Beyond titles and paycheques, you get the sense that the thing that drives Mitchell most is providing a happy and stable home life to her son. Now just five years old it is obvious that she wants to provide him with the security and love that she never experienced. The battle having now been won with her past by the recasting of so much hate into love. “He looks up to me to take care of him,” reveals Mitchell.
“He doesn’t care what I been through. All he cares about is where he is getting his next video game or his next meal, and that he has a safe place to sleep. I am here to make sure that happens and wherever he goes that he is treated like the great kid he is. That is how my past drives me now instead of any of the other stuff.”
With a childhood blighted by neglect and abuse it would have been so easy for Mitchell to take the wrong forks in the road leading to the short-term highs of drugs or booze. Yet, to her credit, she has chosen the longer, tougher road of training and fighting; putting one foot in front of the other as the sun rises above the lonely tarmac; or endlessly repeating the same drills in windowless gymnasiums. If anyone in this hardest of sports has earned their success, then it is surely the 36-year-old. “I had my fight street fight when I was ten,” she recalls matter-of-factly.
“The girl I fought was 18 years old. She was bothering me, doing stuff, just torturing me for no reason. I was always a real quiet person, but I was very dangerous, too. I’d already been through so much and I didn’t like being messed with. I remember that I beat her up real good. Afterwards, everyone was looking at me like they were in shock.
“I would just fight all the time, sometimes two or three times a day. When I was 16, I went up and broke this girl’s jaw. It looked like she’d had a stroke. I scared myself with that when I saw what I’d done to her.”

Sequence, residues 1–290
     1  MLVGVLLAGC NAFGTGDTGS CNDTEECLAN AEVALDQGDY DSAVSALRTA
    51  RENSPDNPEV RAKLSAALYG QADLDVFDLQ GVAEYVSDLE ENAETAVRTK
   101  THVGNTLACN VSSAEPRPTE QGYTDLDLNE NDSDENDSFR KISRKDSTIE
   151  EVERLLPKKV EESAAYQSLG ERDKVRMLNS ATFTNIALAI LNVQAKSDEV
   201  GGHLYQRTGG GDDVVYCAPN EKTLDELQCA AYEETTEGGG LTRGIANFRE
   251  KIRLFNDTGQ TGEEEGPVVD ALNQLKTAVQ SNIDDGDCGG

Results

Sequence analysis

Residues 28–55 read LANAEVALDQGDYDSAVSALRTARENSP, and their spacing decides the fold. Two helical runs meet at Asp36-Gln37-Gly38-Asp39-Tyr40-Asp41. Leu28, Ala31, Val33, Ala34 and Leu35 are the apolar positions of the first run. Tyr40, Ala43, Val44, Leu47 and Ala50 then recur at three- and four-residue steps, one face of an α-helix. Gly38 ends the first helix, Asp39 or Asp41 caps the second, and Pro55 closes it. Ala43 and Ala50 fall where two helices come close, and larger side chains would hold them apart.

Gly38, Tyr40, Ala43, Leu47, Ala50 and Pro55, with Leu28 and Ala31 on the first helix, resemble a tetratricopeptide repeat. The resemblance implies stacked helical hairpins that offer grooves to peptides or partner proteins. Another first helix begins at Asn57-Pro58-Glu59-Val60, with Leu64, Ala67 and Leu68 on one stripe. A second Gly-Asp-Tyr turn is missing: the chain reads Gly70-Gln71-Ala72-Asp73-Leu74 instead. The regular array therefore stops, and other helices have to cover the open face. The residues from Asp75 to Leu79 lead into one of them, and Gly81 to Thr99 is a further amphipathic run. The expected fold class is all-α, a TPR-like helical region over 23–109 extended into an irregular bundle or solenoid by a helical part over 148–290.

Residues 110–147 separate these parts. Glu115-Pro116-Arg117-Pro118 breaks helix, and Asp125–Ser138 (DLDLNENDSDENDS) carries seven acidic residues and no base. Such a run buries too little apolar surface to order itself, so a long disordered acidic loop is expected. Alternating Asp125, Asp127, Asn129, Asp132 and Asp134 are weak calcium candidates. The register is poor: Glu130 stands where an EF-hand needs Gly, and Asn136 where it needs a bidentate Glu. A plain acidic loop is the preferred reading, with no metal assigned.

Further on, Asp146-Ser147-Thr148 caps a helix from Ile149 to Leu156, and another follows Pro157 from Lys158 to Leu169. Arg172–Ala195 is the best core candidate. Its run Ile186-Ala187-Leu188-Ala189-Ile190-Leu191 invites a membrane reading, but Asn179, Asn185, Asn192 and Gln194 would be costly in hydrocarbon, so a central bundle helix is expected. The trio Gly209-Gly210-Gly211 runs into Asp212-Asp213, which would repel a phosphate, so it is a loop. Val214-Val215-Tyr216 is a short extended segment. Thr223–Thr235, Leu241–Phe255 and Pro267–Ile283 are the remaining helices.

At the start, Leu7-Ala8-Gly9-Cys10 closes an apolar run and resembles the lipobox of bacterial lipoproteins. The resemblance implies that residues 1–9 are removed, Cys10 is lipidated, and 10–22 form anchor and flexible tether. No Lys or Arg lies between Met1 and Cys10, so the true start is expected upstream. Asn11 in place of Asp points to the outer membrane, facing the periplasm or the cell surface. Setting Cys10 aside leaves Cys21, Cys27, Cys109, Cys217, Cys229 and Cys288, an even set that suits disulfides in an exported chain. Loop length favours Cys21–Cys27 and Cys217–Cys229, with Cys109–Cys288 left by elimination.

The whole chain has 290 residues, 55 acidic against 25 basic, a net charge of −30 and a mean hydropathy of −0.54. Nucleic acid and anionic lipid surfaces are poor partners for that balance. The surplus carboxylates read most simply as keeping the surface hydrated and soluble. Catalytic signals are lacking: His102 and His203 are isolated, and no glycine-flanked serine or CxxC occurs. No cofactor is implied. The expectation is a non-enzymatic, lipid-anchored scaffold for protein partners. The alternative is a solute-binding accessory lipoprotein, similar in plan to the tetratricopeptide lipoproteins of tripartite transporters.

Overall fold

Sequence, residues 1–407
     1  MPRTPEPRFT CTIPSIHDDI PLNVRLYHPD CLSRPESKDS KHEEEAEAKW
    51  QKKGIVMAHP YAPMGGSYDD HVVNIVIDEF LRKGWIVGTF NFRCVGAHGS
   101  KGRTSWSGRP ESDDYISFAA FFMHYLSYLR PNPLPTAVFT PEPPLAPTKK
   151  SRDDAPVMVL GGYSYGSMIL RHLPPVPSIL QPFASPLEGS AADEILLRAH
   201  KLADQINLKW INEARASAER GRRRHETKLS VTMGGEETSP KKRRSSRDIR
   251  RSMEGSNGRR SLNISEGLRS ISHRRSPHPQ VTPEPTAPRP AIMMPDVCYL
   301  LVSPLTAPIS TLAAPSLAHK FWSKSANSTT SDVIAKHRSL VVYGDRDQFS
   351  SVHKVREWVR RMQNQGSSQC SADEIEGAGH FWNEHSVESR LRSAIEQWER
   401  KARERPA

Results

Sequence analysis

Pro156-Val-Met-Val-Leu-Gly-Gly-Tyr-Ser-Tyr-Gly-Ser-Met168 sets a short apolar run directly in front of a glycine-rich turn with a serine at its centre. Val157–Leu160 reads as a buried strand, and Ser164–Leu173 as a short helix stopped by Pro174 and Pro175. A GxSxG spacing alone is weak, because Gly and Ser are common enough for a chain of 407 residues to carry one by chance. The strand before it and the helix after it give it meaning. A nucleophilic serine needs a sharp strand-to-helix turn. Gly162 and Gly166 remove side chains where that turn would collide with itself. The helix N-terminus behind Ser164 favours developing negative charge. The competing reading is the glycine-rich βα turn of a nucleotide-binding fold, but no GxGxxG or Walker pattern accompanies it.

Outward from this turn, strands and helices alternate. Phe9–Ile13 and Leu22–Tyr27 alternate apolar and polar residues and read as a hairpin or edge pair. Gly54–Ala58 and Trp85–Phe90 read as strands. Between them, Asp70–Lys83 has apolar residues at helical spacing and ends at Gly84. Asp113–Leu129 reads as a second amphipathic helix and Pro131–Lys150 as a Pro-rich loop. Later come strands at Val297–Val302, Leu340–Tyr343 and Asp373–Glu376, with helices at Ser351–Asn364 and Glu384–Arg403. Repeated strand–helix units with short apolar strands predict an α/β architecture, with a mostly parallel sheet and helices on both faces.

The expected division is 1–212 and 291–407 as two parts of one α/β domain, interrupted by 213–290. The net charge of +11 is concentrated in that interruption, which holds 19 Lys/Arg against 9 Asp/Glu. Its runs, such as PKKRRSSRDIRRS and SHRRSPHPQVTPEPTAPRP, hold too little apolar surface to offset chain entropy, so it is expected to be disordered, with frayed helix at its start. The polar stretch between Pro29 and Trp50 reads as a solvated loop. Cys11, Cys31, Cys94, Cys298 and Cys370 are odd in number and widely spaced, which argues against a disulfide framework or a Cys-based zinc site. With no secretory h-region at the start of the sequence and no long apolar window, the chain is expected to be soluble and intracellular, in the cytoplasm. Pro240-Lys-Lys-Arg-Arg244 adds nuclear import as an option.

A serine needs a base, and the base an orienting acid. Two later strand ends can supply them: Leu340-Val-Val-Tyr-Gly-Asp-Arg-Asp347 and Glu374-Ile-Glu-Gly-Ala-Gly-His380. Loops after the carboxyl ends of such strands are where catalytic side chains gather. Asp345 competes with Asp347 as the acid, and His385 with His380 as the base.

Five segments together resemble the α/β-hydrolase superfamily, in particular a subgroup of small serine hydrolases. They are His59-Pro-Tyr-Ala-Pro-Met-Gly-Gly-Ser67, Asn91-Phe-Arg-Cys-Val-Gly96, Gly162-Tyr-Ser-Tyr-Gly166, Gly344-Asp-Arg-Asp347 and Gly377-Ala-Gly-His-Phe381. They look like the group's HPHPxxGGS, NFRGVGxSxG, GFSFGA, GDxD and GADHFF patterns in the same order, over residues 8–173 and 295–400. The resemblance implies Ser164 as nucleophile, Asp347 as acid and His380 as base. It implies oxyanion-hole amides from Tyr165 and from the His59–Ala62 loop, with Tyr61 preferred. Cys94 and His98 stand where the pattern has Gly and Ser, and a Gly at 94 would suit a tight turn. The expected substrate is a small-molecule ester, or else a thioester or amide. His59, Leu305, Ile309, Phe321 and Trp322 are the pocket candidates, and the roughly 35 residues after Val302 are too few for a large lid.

This fight formed the catalyst for Mitchell’s entry into boxing. Years of brawling on the street had provided her with an unshakeable inner toughness that was ripe for moulding in the gym. She recalls the staff at her youth placement asking her what they could do to stop her fighting? Her reply was straightforward: “I want to box.”
She fell in love with the sport instantly and not surprisingly proved to be a natural, prospering within the much-needed structure and discipline that boxing provided. In a laureled amateur career, Mitchell went on to be rated number one at bantamweight in America, before having her Olympic dream quashed via the familiar narrative of poker-style bad beats and wilfully myopic officialdom.
Turning pro in 2017, her early fights were all on the road; unglamorous nights on provincial shows, deep in the shadows, far removed from the brilliant neon of boxing’s big-time. Reduced to attempting to push her career forward in Mexico, Mitchell credits her manager -Brian Cohen- with directing her out of the backroads and onto the sport’s sunlit freeway.
“Brian has done a phenomenal job with me,” the 36-year-old confirms “He’s really set me up; every fight has been a level up and they’ve all been on pretty big platforms, especially compared to what I was doing before. He’s done an outstanding job. Not just with me but all the females he is managing.”
Whatever the future holds Mitchell is determined not to be remembered as a “one-hitter quitter” – but her days of fighting for survival on the street are long behind her. “That shit scares me,” she laughs. “I don’t like doing that no more.”
Instead the woman who carries the nickname of ‘The Miracle’ now has something much bigger than herself to fight for. “I fight for people who can’t fight for themselves,” she says, in a final nod to her past. “If I can be a ‘miracle’ to someone else and give them belief in themselves, then that is what I’m about. I want to try and make a difference in someone’s life by using the platform I have now.”